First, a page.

This is just bad, typical pandering. Some unions want to protect their benefits as much as possible, and they don't want members hit with the punishing 40% excise tax on the primo health benefits. However, the premium must be over $27K for a family. That's pretty damn high. How many people really have such generous health benefits?
I couldn't readily find any numbers. Companies have been trying to change their plans in preparation for the Cadillac tax starting in 2018, but also to rein in health insurance costs and to get employees to share the burden. I don't think that's at all bad. It's better for employees to be aware of healthcare costs, rather than treating it like a perk that someone else pays for.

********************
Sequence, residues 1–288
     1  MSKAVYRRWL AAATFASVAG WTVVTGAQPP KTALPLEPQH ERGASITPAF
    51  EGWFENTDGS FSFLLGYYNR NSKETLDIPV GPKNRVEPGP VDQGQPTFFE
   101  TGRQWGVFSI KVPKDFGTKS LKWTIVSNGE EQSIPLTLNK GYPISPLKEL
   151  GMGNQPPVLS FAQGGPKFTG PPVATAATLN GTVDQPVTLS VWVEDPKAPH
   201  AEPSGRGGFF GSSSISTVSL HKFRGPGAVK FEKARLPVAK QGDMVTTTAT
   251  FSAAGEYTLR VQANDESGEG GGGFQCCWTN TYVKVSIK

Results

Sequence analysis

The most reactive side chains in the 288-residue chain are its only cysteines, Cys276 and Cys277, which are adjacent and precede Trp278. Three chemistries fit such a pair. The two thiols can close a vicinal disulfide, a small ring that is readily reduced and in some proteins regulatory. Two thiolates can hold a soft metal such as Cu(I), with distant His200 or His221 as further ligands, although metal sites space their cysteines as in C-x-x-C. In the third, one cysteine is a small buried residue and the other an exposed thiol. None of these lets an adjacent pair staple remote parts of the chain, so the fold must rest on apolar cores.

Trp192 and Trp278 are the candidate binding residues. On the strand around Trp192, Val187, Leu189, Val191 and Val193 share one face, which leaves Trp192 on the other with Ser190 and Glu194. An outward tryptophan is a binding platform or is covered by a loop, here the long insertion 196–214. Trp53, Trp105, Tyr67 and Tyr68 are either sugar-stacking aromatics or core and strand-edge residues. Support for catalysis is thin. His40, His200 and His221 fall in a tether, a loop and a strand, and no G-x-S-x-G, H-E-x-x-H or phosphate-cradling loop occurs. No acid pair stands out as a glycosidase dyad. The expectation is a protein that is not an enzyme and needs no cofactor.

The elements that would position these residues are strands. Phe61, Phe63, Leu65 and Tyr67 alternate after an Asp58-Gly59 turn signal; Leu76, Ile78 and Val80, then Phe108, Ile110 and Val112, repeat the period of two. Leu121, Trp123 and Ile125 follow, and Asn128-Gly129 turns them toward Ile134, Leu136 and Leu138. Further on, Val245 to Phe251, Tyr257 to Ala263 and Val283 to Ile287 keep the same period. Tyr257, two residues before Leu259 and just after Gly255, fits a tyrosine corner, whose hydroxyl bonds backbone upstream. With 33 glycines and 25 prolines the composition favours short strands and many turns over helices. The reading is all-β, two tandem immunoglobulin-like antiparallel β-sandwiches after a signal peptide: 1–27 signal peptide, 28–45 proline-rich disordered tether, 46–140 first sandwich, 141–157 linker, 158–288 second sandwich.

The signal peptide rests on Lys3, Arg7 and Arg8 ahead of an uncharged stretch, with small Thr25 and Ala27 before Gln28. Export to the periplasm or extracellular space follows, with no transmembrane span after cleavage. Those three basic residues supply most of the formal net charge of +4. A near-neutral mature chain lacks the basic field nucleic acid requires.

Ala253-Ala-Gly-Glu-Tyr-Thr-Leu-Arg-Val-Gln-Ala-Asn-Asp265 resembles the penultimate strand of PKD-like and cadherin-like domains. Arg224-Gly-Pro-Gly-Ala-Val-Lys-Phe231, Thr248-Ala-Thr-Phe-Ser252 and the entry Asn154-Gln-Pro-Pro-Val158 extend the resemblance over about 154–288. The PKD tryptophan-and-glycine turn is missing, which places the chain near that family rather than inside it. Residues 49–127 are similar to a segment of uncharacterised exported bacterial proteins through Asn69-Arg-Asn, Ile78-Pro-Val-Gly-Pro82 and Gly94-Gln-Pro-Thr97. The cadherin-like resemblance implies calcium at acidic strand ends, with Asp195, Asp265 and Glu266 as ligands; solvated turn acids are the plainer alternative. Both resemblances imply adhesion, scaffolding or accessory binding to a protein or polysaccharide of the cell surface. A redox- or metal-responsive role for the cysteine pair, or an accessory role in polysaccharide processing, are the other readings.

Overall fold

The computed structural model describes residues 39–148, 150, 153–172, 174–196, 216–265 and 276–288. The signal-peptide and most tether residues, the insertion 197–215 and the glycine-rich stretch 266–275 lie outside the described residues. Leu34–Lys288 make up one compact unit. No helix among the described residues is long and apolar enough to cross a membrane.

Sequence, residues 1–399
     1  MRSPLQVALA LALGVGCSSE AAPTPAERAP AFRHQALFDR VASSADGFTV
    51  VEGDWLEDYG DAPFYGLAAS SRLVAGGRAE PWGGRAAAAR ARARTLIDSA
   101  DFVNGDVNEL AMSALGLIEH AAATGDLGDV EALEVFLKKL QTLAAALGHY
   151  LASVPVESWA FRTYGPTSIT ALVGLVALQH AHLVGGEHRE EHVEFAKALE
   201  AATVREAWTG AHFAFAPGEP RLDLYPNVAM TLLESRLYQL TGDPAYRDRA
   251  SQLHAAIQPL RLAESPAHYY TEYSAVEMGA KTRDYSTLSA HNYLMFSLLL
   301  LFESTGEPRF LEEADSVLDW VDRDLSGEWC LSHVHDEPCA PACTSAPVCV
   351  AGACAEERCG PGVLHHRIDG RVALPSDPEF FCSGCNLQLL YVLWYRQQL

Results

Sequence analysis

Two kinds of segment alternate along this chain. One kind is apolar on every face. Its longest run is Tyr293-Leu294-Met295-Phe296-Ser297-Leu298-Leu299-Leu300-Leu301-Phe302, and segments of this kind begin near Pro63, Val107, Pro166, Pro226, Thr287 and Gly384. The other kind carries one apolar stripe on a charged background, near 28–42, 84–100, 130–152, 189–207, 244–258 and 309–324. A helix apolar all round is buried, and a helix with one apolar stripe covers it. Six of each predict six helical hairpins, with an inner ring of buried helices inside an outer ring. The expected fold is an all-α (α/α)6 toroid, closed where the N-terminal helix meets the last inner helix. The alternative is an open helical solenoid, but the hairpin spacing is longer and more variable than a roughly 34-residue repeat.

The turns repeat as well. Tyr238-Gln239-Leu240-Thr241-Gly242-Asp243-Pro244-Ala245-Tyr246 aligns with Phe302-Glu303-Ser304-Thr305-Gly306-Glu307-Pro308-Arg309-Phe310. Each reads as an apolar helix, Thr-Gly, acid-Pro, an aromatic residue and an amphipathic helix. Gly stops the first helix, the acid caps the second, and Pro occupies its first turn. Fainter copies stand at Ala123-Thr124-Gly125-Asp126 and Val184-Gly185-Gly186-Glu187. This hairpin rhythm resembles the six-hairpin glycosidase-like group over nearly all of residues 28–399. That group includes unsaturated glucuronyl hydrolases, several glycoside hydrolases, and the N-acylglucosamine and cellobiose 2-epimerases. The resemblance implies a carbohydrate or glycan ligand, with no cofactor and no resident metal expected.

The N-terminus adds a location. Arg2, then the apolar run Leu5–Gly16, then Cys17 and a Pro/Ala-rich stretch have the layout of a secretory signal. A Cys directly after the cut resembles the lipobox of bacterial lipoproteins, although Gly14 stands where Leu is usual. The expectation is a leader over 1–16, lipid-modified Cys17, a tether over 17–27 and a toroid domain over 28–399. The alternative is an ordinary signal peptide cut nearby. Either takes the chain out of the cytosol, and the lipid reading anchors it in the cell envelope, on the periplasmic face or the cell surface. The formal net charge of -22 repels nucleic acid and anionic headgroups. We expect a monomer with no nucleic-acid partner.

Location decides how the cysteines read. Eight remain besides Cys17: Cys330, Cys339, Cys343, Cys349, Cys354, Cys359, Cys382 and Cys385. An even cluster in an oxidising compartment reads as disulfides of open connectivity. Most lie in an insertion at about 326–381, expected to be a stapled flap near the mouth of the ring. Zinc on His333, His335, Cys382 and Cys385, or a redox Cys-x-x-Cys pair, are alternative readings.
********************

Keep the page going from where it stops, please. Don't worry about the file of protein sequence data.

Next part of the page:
The arguments for repealing the Cadillac tax aren't very strong. Opponents claim that it will hit 82% of all employers by 2023 because of the indexing (if they don't make adjustments, which they are). That leaves plenty of time to adjust the indexing if needed. Opponents also don't answer about how to make up for the lost revenue, which is just so typical.
Extras. Forbes complains about higher cost or lack of choice, ignoring responsible decision-making. The Fiscal Times seconds that. A different author calls it 'modest.' The typical economist response here.